As I prepared to travel from coast to coast tomorrow, the day before Thanksgiving, I was curious — is the Wednesday before Thanksgiving really the busiest travel day of the year?
Well no, according to at least one source: the Research and Innovative Technology Administration’s Bureau of Transportation Statistics. “When personal vehicle trips are added to the mix the National Household Travel Survey (NHTS) reveals that Thanksgiving Day is actually a heavier long-distance travel day than Wednesday.” Well, either way, it’s probably not going to be fun.
Thus, as a relatively frequent traveler and a very frequent high volume travel day traveler, I have a few tips to make air travel at least somewhat bearable:
- Check in online ahead of time, as early as possible (usually 24 hours). Once I got to the airport about 1.5 hours in advance and they still bumped me from my flight because my frequent flier status wasn’t very high on that airline. It was odd to watch a bunch of strangers getting on the plane, feeling that my status was somehow beneath theirs.
- If at all possible, don’t check a bag. If things go awry, sometimes your checked bag can stop you from easily hopping flights. You want as much flexibility as possible. One good approach to light packing is to make a list on paper of what to bring on your trip first. Then stick to it! (Thus avoiding the ominous, ‘impulse packing,’ as in “What if I suddenly we get invited to a rodeo? I must have my cowboy hat just in case.”)
- It’s probably too late by the time you are reading this, but for busy travel days, book early morning flights. It’s worth it to get up at 4 am if that means getting where you’re going on time. Chances of delays are much lower early in the morning.
- Again probably too late (but you can congratulate yourself if you already did this) Book direct flights. Yes, direct flights are usually more expensive and holiday travel is already ridiculously expensive. However, if you’ve been running around the airport for 3 hours sweating, and angry at ‘them’ after missing a connection, my guess is that if someone offered to make all your problems go away for $100, you might just take them up on it. So save yourself the hassle.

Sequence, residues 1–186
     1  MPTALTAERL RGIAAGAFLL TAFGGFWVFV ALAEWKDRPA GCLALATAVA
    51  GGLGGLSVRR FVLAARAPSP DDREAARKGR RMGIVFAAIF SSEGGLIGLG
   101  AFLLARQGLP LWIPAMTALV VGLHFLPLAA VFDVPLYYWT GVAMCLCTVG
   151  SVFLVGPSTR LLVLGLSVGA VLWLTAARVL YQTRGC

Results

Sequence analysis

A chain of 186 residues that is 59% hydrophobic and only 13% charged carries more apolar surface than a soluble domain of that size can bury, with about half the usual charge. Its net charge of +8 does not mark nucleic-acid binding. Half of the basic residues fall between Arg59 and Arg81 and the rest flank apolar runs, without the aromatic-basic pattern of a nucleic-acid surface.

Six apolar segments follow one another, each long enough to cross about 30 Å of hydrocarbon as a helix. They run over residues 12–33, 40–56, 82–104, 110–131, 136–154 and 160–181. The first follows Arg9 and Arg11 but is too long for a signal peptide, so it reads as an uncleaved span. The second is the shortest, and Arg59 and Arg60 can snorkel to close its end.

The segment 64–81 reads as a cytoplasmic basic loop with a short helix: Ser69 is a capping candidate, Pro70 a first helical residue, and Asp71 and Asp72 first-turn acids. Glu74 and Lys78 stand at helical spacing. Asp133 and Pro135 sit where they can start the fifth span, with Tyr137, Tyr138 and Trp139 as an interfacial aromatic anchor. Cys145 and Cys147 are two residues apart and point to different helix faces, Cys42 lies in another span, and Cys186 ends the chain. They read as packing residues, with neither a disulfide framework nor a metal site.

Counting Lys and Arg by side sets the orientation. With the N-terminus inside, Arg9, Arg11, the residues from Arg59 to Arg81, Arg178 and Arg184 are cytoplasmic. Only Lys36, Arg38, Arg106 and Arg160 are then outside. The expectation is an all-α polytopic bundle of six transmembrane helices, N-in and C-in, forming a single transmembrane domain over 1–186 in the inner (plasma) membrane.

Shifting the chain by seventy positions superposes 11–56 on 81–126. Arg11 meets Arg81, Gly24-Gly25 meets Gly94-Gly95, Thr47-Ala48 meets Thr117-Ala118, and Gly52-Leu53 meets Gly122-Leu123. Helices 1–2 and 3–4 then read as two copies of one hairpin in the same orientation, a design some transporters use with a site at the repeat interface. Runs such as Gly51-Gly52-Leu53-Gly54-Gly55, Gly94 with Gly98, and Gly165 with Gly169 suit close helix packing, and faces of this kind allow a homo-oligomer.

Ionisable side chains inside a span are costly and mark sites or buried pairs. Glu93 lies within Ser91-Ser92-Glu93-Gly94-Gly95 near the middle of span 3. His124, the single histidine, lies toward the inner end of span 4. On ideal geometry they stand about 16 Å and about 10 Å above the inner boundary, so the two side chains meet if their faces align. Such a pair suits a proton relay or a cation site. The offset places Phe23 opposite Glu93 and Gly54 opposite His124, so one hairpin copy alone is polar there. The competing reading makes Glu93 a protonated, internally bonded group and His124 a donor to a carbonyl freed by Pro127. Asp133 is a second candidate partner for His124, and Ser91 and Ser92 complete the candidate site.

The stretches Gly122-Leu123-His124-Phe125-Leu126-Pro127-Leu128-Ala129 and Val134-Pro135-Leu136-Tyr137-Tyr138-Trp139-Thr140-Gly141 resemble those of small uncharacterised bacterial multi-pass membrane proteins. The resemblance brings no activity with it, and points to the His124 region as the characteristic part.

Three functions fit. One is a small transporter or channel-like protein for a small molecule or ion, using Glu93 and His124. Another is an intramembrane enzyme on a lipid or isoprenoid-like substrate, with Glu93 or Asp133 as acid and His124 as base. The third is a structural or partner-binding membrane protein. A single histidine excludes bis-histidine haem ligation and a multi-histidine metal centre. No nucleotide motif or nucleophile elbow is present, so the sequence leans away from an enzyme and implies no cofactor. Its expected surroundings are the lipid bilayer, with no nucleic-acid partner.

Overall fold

- Expect you’ll be a couple of hours late and try to avoid planning things as if you’d arrive on time. It’s much less stressful to be late with nothing planned than to make someone wait at the airport or to miss something you’re excited about.
- Mentally prepare to spend some time at the airport. Try not to think of it as waiting, but as a nice relaxing time to get some stuff done: write that blog post, call up a friend (Yes, we’ve all got the phone call from the ‘waiting friend or relative’, but hey, you’re still calling, and if it’s a busy travel day, they may be bored at the airport too), read that book on your nightstand, watch that movie you’ve been dying to see. Bring one of your Netflix DVD’s with you and rent one of those portable inMotion DVD players at the airport – it would cost you $10 to see it in the theater, so why not escape for 2 hours at the airport for an extra 5 bucks.
In fact, if you really think of this time as your time, you may find yourself disappointed when all goes as planned!